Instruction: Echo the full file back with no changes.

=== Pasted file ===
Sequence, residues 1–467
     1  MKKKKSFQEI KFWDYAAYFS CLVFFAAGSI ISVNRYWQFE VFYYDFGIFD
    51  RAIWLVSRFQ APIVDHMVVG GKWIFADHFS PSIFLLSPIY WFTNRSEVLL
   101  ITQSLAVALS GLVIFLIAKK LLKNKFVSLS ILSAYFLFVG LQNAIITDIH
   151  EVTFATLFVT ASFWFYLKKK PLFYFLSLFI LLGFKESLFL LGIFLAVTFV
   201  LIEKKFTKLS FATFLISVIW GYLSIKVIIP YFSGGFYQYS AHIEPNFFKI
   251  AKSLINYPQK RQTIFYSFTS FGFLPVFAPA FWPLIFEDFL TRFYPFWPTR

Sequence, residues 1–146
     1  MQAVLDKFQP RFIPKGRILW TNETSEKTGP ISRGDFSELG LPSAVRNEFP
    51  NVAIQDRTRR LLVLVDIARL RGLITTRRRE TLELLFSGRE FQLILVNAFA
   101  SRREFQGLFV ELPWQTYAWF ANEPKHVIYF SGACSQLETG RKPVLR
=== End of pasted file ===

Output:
Sequence, residues 1–467
     1  MKKKKSFQEI KFWDYAAYFS CLVFFAAGSI ISVNRYWQFE VFYYDFGIFD
    51  RAIWLVSRFQ APIVDHMVVG GKWIFADHFS PSIFLLSPIY WFTNRSEVLL
   101  ITQSLAVALS GLVIFLIAKK LLKNKFVSLS ILSAYFLFVG LQNAIITDIH
   151  EVTFATLFVT ASFWFYLKKK PLFYFLSLFI LLGFKESLFL LGIFLAVTFV
   201  LIEKKFTKLS FATFLISVIW GYLSIKVIIP YFSGGFYQYS AHIEPNFFKI
   251  AKSLINYPQK RQTIFYSFTS FGFLPVFAPA FWPLIFEDFL TRFYPFWPTR

Sequence, residues 1–146
     1  MQAVLDKFQP RFIPKGRILW TNETSEKTGP ISRGDFSELG LPSAVRNEFP
    51  NVAIQDRTRR LLVLVDIARL RGLITTRRRE TLELLFSGRE FQLILVNAFA
   101  SRREFQGLFV ELPWQTYAWF ANEPKHVIYF SGACSQLETG RKPVLR